Friday, November 20, 2015

The Sym Philosphy on Consumer Loan Selection

Welcome to my P2P lending blog!  When my colleagues asked me to begin writing a P2P blog my first instinct was to refuse.  Volumes have already been written on the subject and an ever growing number of people are devoting their careers to following the P2P lending industry.  I am reminded of the California gold rush and I find no small irony in the fact that the two largest P2P lenders in the world today - Prosper and Lending Club, were founded in California.

But having managed a P2P Fund over the past two year and having reviewied dozends of platforms for potential investment I think now there is far more to say than has been said. P2P platforms come in all shapes and sizes.

One way to classify P2P platforms is by whether the platforms focus on consumer loans or business loans. Consumers as a group behave differently than businesses as a group. Here are some of the rules when I look at consumer-based P2P platforms :

1. The risk/reward curve flattens, perhaps even turns downward.  What does this mean in practice? It means there's no real good reason to select pools of higher risk class D and E loans.  You get no real pickup in yield but the likelihood of default dramatically increases.

2. High quality ranking (i.e. A), does not necessarily mean most likely to repay.  In practice, the default rates I've observed with my "A" quality loans has been actually higher than in my "B" quality loans.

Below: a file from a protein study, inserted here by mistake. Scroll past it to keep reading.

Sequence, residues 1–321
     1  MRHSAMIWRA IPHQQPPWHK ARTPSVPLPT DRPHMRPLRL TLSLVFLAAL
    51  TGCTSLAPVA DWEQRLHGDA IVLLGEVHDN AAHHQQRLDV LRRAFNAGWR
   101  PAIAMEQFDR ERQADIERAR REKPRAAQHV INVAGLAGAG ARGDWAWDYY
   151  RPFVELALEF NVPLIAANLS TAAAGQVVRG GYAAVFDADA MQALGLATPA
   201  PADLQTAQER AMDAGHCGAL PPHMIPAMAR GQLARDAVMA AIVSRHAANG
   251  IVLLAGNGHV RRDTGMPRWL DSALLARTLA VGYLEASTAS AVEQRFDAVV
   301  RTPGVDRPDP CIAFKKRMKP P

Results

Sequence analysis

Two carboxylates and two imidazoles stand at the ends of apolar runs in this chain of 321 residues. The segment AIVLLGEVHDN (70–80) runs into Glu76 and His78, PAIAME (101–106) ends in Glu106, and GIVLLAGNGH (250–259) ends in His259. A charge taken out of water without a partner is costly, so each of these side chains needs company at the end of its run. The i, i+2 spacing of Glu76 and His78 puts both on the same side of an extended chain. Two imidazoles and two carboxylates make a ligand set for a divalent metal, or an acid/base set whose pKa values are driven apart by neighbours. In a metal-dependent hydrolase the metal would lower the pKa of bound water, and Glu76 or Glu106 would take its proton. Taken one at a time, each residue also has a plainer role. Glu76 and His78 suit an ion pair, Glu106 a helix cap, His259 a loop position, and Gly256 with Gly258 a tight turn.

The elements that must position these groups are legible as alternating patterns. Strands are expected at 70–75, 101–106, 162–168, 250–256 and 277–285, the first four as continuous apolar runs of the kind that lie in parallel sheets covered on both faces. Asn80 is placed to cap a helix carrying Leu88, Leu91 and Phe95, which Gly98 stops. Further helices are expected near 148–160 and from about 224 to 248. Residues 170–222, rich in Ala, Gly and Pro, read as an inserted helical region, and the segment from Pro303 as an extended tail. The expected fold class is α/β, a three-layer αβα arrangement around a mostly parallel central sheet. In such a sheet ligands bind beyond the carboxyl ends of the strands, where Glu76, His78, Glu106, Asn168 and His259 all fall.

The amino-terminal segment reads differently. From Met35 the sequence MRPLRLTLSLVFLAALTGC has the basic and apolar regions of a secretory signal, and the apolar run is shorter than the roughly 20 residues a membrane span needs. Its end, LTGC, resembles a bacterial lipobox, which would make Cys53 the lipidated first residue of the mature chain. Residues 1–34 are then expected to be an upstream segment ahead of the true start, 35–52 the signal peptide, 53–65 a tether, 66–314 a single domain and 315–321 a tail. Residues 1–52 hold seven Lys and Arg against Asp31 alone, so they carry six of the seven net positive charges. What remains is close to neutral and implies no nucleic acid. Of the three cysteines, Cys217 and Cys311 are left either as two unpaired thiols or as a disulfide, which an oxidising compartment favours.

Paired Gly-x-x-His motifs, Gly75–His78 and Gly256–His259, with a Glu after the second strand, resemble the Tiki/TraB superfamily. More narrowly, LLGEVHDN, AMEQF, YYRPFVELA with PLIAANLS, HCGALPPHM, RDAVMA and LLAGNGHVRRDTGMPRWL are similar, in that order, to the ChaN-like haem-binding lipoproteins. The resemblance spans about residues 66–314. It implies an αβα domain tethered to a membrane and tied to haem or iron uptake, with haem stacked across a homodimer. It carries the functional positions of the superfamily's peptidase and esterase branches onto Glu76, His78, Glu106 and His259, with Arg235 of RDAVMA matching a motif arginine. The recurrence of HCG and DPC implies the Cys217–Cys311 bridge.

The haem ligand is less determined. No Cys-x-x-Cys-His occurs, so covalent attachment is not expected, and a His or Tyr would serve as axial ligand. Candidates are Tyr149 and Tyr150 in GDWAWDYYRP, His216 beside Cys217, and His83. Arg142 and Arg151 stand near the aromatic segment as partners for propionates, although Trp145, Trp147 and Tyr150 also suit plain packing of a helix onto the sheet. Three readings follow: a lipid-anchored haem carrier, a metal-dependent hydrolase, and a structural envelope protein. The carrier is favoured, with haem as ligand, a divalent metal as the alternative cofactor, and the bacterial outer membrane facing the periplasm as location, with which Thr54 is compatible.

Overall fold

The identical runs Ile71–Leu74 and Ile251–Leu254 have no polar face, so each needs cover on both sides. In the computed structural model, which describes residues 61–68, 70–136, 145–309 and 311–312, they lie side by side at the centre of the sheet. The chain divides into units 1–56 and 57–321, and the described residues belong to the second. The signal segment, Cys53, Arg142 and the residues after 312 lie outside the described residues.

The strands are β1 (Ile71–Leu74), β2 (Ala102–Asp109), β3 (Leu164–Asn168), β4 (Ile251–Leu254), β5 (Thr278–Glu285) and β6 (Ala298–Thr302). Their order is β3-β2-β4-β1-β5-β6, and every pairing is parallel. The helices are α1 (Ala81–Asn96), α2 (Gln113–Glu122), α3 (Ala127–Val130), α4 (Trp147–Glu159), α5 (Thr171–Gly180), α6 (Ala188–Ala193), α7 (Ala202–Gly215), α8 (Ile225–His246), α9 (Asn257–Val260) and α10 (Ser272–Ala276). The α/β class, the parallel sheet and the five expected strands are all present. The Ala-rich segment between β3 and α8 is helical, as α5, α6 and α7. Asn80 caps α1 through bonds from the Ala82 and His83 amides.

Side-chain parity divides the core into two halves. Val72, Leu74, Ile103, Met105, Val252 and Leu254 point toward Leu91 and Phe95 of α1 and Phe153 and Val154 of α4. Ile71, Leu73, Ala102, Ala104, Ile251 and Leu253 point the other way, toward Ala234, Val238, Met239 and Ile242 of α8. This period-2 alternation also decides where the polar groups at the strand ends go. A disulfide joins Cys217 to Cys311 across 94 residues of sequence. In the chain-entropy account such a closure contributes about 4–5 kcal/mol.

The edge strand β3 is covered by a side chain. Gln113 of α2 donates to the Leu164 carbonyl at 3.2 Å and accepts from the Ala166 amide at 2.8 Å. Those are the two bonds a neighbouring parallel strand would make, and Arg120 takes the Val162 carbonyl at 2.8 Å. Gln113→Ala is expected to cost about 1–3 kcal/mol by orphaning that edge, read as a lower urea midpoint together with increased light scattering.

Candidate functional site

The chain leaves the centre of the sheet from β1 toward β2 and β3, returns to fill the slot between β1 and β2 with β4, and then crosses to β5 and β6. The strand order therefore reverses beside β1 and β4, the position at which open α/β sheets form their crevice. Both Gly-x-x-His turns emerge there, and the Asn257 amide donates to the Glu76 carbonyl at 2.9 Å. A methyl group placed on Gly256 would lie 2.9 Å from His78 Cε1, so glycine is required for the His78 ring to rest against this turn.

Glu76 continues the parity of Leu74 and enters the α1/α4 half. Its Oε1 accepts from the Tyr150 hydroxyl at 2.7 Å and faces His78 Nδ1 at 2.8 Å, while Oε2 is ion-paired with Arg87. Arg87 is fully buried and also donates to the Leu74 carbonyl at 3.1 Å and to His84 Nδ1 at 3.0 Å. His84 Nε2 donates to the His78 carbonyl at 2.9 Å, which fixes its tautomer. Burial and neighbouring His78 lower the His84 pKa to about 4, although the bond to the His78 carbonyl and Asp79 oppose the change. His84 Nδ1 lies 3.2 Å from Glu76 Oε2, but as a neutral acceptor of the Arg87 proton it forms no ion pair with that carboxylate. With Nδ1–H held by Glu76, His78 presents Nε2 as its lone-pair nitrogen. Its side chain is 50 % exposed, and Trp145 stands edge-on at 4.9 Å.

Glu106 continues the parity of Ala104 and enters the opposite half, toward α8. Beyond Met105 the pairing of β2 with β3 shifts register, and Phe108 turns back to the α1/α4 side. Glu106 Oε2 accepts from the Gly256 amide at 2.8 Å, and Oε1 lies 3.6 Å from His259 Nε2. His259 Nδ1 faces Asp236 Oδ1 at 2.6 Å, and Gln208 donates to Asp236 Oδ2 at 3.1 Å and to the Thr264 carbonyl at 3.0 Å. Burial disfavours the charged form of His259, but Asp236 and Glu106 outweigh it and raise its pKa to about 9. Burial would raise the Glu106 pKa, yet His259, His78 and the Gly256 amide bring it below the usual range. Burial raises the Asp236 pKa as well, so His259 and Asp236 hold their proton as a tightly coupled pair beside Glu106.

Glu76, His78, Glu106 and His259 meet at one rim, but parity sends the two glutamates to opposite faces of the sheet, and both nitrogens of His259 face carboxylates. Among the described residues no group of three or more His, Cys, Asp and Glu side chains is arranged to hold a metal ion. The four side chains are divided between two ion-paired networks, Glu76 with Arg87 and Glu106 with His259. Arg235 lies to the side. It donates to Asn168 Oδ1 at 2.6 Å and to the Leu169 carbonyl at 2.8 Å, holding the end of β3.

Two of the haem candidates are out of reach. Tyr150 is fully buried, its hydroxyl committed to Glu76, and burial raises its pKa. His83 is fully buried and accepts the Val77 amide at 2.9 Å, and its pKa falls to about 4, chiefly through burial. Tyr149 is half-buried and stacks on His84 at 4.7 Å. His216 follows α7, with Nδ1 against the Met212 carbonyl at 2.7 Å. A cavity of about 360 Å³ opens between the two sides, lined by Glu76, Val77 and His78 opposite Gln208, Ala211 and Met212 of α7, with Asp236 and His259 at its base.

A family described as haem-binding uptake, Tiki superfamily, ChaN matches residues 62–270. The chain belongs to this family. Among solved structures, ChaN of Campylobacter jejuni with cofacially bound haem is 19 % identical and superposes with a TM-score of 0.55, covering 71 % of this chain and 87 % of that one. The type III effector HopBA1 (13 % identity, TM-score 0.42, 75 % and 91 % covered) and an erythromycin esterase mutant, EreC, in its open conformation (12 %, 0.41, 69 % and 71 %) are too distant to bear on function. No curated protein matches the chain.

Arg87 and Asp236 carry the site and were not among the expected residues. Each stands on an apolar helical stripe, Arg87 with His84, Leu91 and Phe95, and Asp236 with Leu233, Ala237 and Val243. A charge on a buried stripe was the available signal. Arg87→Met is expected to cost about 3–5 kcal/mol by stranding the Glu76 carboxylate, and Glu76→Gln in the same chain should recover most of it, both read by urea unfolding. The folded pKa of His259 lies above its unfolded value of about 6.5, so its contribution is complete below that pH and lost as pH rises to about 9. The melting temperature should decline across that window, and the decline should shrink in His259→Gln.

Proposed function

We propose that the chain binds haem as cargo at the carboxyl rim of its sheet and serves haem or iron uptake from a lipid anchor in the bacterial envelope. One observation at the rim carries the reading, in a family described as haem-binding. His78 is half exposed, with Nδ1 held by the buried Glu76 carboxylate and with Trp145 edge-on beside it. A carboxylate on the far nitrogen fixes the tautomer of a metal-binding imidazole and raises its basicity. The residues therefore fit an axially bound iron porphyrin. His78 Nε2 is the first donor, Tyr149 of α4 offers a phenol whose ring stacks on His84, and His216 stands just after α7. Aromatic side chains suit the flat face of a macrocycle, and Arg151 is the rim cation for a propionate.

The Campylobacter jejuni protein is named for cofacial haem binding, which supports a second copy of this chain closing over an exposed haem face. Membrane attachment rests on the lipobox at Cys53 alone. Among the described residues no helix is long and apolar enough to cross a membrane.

3. Watch the DTI - Debt to income ratio is an important item.  It measures the amount of the consumer's monthly debt payment to the consumer's monthly income. The higher the DTI, the lower the consumer's disposable income, and the greater is the liklihood that the conusmer will have difficulty with loan installments.

4. Short term doesn't necessarily mean lower risk - On the one hand, it's true that more things can go wrong in the long run than in the short run.  On the other hand, all else equal, the consumer borrower with a five year term will have a lower DTI than a consumer borrowing with a three year DTI.

5. Jobs matter - Certain types of jobs are inherently more stable and more secure than other types of jobs. For example, civil servants, university professors, police officers, fire fighters, accountants, doctors, lawyers and medical technicians have either highly specific skill sets or benefit from built-in job security.

6. Don't judge a book by its cover.  For example, many "A" loans are actually "B" loans, but due to the platform credit scoring system are graded "A."  At the same time, many "D", "E" or "F" actually have better credit fundamentals than the grade indicates.  They are bargains.  They offer a relatively high rate of interest, coupled with a relatively low probability of default.